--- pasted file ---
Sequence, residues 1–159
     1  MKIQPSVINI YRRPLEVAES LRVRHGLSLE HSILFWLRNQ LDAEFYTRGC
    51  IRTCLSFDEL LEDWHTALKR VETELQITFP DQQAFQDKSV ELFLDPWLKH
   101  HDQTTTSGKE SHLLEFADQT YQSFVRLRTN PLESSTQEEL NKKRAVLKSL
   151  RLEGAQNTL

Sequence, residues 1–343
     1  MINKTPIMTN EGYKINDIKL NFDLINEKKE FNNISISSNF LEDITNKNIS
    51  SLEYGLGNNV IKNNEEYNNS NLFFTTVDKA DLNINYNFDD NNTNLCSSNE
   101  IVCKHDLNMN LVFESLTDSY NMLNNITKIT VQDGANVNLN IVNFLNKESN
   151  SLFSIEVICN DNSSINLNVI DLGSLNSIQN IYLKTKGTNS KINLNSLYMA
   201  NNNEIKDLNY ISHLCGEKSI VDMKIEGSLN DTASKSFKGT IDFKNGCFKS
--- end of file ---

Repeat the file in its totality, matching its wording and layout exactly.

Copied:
Sequence, residues 1–159
     1  MKIQPSVINI YRRPLEVAES LRVRHGLSLE HSILFWLRNQ LDAEFYTRGC
    51  IRTCLSFDEL LEDWHTALKR VETELQITFP DQQAFQDKSV ELFLDPWLKH
   101  HDQTTTSGKE SHLLEFADQT YQSFVRLRTN PLESSTQEEL NKKRAVLKSL
   151  RLEGAQNTL

Sequence, residues 1–343
     1  MINKTPIMTN EGYKINDIKL NFDLINEKKE FNNISISSNF LEDITNKNIS
    51  SLEYGLGNNV IKNNEEYNNS NLFFTTVDKA DLNINYNFDD NNTNLCSSNE
   101  IVCKHDLNMN LVFESLTDSY NMLNNITKIT VQDGANVNLN IVNFLNKESN
   151  SLFSIEVICN DNSSINLNVI DLGSLNSIQN IYLKTKGTNS KINLNSLYMA
   201  NNNEIKDLNY ISHLCGEKSI VDMKIEGSLN DTASKSFKGT IDFKNGCFKS